The Nuremberg Trials were conducted in the immediate aftermath of World War II by an ad hoc International Military Tribunal.

The JN recently published an obituary for Ben Ferencz on April 20. After a memorable life, Ferencz passed away at 103. He was the last surviving prosecutor at the Nuremberg Trials, 1945-1949.

Mike Smith
Mike Smith
Alene and Graham Landau Archivist Chair

The Nuremberg Trials were conducted in the immediate aftermath of World War II by an ad hoc International Military Tribunal. After WWII ended, the victorious Allied powers — France, Great Britain, the Soviet Union and the United States — organized and administered trials for 197 German Nazi Party and military leaders such as Hermann Goring, Rudolf Hess and Albert Speer. All were tried for war crimes and crimes against humanity; most of them were convicted.

Ferencz was the chief prosecutor for 20 members of the Einsatzgruppen, the Nazi SS’ mobile death squads. Closely following German troops as they occupied Poland, vast areas of the Soviet Union, Hungary, the Ukraine and even into North Africa, the Einsatzgruppen were among the worst of the worst. They formed mobile killing units that murdered up to 2 million Jews, as well as thousands upon thousands of others, including political opponents, Poles, Russians and Roma.

William Davidson Digital Archive

A graduate of Harvard Law School, at the age of 27, Ferencz was given a significant task: Holocaust crimes were at the core of his trial portfolio. But he declared, “Vengeance is not our goal.” Rather, “We ask this court to affirm by international penal action, man’s right to live in peace and dignity, regardless of his race or creed.”

William Davidson Digital Archive

With this beginning, Ferencz went on to lead a storied career in international law and negotiations.

The Nuremberg Trials were a globally watched affair, where surviving instigators of World War II and the “Final Solution” were on trial for their lives, and the world heard about the horrors of the Holocaust. I wondered what stories about the trials might be in the William Davidson Digital Archive of Jewish Detroit History. There were a few surprises.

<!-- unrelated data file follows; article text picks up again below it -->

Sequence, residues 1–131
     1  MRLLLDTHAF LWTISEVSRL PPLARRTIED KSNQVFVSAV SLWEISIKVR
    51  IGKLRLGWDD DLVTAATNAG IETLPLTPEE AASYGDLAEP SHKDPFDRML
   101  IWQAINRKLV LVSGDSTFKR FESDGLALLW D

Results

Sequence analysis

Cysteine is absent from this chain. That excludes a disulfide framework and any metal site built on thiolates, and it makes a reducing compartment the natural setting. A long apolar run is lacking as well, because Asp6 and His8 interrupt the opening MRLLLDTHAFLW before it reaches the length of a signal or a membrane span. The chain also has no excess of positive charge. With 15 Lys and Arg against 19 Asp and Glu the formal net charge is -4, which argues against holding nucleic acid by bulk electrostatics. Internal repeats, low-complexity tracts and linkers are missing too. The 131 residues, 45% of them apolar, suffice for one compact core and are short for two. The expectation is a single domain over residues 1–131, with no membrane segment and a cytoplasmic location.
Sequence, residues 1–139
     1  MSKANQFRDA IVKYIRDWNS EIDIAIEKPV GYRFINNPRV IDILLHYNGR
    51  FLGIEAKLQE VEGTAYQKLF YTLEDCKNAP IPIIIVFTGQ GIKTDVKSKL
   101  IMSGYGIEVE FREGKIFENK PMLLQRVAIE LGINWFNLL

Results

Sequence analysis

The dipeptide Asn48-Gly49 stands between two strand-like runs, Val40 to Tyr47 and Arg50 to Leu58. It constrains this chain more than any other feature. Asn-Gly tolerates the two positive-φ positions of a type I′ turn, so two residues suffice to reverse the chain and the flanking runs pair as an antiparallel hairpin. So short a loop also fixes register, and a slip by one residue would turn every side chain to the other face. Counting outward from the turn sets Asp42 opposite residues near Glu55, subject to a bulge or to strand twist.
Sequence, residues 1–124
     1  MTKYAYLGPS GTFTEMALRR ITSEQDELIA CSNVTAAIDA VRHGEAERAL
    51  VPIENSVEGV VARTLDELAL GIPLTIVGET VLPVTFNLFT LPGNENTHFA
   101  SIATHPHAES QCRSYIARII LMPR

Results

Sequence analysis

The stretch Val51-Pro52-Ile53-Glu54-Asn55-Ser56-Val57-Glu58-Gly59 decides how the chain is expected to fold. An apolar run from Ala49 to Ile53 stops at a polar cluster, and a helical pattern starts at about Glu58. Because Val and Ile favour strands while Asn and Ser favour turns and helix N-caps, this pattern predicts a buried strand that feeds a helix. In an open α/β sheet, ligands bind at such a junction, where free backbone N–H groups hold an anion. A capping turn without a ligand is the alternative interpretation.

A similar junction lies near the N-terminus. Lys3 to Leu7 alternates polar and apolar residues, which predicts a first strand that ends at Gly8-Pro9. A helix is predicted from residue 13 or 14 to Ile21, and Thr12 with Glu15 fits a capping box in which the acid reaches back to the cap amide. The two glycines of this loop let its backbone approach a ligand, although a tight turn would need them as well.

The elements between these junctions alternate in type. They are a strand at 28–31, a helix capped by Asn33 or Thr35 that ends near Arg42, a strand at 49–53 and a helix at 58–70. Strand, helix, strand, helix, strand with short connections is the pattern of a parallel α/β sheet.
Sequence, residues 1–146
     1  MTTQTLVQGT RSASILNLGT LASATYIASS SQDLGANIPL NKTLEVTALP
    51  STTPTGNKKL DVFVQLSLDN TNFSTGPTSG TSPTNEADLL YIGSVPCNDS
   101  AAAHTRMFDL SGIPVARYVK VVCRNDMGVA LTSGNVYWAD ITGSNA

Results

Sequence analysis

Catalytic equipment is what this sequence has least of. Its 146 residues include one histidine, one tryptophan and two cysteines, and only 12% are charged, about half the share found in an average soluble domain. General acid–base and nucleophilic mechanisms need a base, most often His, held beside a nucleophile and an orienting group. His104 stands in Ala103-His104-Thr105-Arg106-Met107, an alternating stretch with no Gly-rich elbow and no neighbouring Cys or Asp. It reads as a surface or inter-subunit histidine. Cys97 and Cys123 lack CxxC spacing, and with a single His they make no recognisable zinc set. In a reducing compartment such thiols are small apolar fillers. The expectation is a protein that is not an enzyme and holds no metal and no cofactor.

The first surprise was that only 250 pages in the Archive mention the Nuremberg Trials, and only 29 pages from the 1940s, when they were held. Considering the monumental legal precedent and the global newspaper reporting, I expected to find much greater coverage.

My second surprise was that the Detroit Jewish Chronicle “stole the show.” It had a correspondent at War Crimes Trials in Germany, Irving Hayett. A court reporter for the American War Crimes Commission for the War Crimes Trials in Frankfort, Germany, Hayett agreed to send the Chronicle exclusive reports about the Frankfort Trials (Jan. 18, 1946). These trials were subsidiary to the main trials in Nuremberg.

William Davidson Digital Archive

Hayett sent 30 reports to the Chronicle. Rather than stories about prominent Nazis like Goring or Speer, he reported on the prosecution of Nazis involved in such crimes as the Malmedy Massacre of U.S. soldiers during the famous Battle of the Bulge and the Mauthausen Concentration Camp Case.

The Nuremberg Trials still resonate today. For example, the obituary in the JN for Holocaust survivor Howard Triest notes that, as an interpreter at Nuremberg, Triest was a “Witness to History” (May 19, 2016, JN). Sara Bloomfield wrote about the trials’ meaning as well as that of the Eichmann Trial (June 23, 2011, JN).

Let us hope that the Nuremberg Trials are remembered, and that we won’t have to repeat them in the future.

Want to learn more? Go to the DJN Foundation archives, available for free at

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